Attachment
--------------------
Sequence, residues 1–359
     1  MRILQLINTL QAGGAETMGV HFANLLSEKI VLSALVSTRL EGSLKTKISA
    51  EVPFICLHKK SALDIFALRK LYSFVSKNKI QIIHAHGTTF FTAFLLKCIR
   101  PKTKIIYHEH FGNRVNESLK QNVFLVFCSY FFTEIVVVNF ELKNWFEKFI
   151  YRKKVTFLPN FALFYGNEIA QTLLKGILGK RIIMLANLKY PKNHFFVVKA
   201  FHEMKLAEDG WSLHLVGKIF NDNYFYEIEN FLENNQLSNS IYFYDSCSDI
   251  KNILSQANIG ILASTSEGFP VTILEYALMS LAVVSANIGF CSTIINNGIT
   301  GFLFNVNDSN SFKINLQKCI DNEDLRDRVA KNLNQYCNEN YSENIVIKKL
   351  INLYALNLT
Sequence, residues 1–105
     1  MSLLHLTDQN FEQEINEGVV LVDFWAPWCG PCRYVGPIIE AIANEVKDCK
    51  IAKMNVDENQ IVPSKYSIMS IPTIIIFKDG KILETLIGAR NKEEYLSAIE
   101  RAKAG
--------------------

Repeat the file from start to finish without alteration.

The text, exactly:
Sequence, residues 1–359
     1  MRILQLINTL QAGGAETMGV HFANLLSEKI VLSALVSTRL EGSLKTKISA
    51  EVPFICLHKK SALDIFALRK LYSFVSKNKI QIIHAHGTTF FTAFLLKCIR
   101  PKTKIIYHEH FGNRVNESLK QNVFLVFCSY FFTEIVVVNF ELKNWFEKFI
   151  YRKKVTFLPN FALFYGNEIA QTLLKGILGK RIIMLANLKY PKNHFFVVKA
   201  FHEMKLAEDG WSLHLVGKIF NDNYFYEIEN FLENNQLSNS IYFYDSCSDI
   251  KNILSQANIG ILASTSEGFP VTILEYALMS LAVVSANIGF CSTIINNGIT
   301  GFLFNVNDSN SFKINLQKCI DNEDLRDRVA KNLNQYCNEN YSENIVIKKL
   351  INLYALNLT
Sequence, residues 1–105
     1  MSLLHLTDQN FEQEINEGVV LVDFWAPWCG PCRYVGPIIE AIANEVKDCK
    51  IAKMNVDENQ IVPSKYSIMS IPTIIIFKDG KILETLIGAR NKEEYLSAIE
   101  RAKAG